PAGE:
In December of 2015, my son was about to be baptized. I realized I didn’t want him to be. This marked the first time I was forced to acknowledge a major problem with my faith. I asked my husband for help – it’s worth mentioning that we had not discussed any real problems with the LDS Church during these years, because I felt strongly about supporting my priesthood holder. We had struggled in our marriage and life, and I was scared to rock the boat, but finally broke down to tell him about a few things. One was the Book of Abraham. Then, the Ensign article about the rock in the hat. I wasn’t prepared for how quickly he was done. Once my husband saw the Ensign article, he resolved to stop attending church. He made the choice I hadn’t been able to. By May of 2016, we were officially done and decided to resign our family from the LDS Church.
What parts of Mormonism were harmful to you?
A few months after we left the LDS Church, it hit me – I wasn’t a Lamanite. The theology that Lamanite ancestors had turned away from God was massively harmful to me growing up. I had been taught manifest destiny – that my ancestors had caused their own people, Native Americans, to lose their land and experience genocide due to unrighteous choices. I had been taught to view Native American spirituality as a remnant of our ancestors turning away from God. All of this messed me up pretty good.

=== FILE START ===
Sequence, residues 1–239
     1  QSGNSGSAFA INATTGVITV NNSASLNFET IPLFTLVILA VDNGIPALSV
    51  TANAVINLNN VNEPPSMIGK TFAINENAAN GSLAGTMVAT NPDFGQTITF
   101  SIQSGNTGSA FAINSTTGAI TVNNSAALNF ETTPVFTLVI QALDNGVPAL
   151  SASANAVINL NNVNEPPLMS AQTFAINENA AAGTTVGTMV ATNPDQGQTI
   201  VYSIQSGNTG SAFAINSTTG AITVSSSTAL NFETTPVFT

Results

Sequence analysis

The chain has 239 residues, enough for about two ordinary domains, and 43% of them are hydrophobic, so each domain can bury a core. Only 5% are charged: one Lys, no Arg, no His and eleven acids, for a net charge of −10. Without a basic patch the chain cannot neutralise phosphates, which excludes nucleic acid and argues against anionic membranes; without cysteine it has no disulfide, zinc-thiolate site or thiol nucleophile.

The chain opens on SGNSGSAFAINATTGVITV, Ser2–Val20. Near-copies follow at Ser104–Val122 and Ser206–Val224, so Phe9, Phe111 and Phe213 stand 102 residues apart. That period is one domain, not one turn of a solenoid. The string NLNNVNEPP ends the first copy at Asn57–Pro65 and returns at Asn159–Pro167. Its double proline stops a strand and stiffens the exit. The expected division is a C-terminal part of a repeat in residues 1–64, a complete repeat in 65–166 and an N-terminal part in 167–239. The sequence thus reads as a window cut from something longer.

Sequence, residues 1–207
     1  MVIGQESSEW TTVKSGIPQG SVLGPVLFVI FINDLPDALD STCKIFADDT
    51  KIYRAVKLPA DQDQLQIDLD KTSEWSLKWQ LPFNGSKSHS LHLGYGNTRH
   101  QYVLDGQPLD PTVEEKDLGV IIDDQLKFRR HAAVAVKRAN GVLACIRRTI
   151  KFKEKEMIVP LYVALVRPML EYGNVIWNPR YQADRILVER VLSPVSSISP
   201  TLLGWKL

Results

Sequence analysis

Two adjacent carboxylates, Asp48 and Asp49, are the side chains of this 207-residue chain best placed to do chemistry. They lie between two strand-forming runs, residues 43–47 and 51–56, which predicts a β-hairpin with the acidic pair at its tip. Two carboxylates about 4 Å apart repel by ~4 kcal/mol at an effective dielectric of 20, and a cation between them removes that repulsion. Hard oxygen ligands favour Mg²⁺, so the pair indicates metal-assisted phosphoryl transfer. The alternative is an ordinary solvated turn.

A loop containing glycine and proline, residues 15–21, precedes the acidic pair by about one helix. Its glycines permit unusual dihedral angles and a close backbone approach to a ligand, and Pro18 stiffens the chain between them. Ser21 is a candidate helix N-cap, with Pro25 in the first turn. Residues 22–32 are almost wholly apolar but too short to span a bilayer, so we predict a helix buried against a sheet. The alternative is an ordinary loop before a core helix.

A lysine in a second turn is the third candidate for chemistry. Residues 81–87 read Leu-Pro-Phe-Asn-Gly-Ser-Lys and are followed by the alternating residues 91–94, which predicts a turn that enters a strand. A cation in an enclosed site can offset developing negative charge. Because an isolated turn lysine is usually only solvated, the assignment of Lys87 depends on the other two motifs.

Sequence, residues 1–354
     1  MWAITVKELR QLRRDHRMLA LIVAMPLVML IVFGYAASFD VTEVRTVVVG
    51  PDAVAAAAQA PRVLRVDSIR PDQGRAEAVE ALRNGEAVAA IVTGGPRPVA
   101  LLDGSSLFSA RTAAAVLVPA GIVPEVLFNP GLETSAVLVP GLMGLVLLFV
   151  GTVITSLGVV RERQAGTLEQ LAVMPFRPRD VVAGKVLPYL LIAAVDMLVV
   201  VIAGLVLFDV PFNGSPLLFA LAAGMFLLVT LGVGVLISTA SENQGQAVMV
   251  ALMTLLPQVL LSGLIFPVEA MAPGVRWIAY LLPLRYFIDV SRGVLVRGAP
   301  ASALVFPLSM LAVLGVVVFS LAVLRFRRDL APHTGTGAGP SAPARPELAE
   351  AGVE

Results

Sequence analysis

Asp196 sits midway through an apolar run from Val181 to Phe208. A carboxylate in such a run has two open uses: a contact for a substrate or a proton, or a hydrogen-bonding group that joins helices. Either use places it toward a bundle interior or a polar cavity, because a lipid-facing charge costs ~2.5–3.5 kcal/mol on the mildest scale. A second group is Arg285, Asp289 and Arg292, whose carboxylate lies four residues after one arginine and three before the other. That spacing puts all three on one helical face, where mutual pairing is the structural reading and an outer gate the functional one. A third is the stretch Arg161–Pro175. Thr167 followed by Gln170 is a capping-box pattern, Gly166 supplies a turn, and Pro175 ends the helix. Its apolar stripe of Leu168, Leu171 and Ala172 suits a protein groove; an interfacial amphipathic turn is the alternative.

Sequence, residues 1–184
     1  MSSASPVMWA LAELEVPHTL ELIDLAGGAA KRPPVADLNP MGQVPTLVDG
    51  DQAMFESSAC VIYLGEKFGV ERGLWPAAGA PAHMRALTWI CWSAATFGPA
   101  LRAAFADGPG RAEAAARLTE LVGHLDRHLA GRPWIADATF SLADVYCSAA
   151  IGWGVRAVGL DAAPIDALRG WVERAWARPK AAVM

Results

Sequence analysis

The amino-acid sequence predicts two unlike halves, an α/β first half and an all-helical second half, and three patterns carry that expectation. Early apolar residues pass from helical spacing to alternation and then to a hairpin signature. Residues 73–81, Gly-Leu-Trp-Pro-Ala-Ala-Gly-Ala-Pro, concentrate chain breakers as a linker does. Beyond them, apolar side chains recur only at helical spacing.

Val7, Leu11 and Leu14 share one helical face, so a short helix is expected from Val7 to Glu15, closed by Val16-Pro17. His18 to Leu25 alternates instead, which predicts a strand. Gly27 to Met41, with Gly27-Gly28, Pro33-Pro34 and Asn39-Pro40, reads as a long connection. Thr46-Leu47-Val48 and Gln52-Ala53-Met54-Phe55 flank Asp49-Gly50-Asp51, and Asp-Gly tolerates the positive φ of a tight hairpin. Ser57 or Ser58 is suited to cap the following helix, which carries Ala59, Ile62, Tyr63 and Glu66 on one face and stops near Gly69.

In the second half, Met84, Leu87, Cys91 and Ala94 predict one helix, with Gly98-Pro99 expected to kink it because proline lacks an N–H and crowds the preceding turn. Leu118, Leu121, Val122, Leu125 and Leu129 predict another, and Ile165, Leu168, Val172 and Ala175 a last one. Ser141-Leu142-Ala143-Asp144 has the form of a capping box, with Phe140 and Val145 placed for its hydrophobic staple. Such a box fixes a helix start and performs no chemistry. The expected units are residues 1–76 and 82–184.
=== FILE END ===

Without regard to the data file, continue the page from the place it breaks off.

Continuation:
Along with that Lamanite theology, I was also taught that my ancestors’ skin was darkened as a sign of their disobedience. As a child, I was unaware of the degree to which I internalized this ugly teaching. I just accepted and trusted it as fact. The older I grew, the harder it became to accept. Though always treated kindly, I was also often kept in my place as different. This became most obvious when dating, but it was woven through my entire Mormon experience.
Teachings around what it meant to be female in Mormonism was very damaging. Being told not to question polygamy was painful in my teens. Aside from polygamy, I didn’t think much about gender differences until I went through the temple. It was like being separated from God because my gender wasn’t good enough.
Ideas around forgiveness and repentance were also harmful. These beliefs are, at times, used against victims to protect abusers. I’ve experienced it, and watched others experience it. Beautiful beliefs get twisted far too often.
And finally, so much shaming around sexuality. Questioning children about their worthiness is unacceptable.
How do you now explain the spiritual experiences that you had as an Orthodox Mormon?
This is one of my favorite things to talk about regarding my faith journey! Mormonism had an answer for everything, and it was a strange sensation to leave the only life I had ever known, for the unknown. I no longer had any answers at all. I could not sit still and wait for answers to come to me. I went out searching for them just like I had during my faith transition. I needed to know everything.`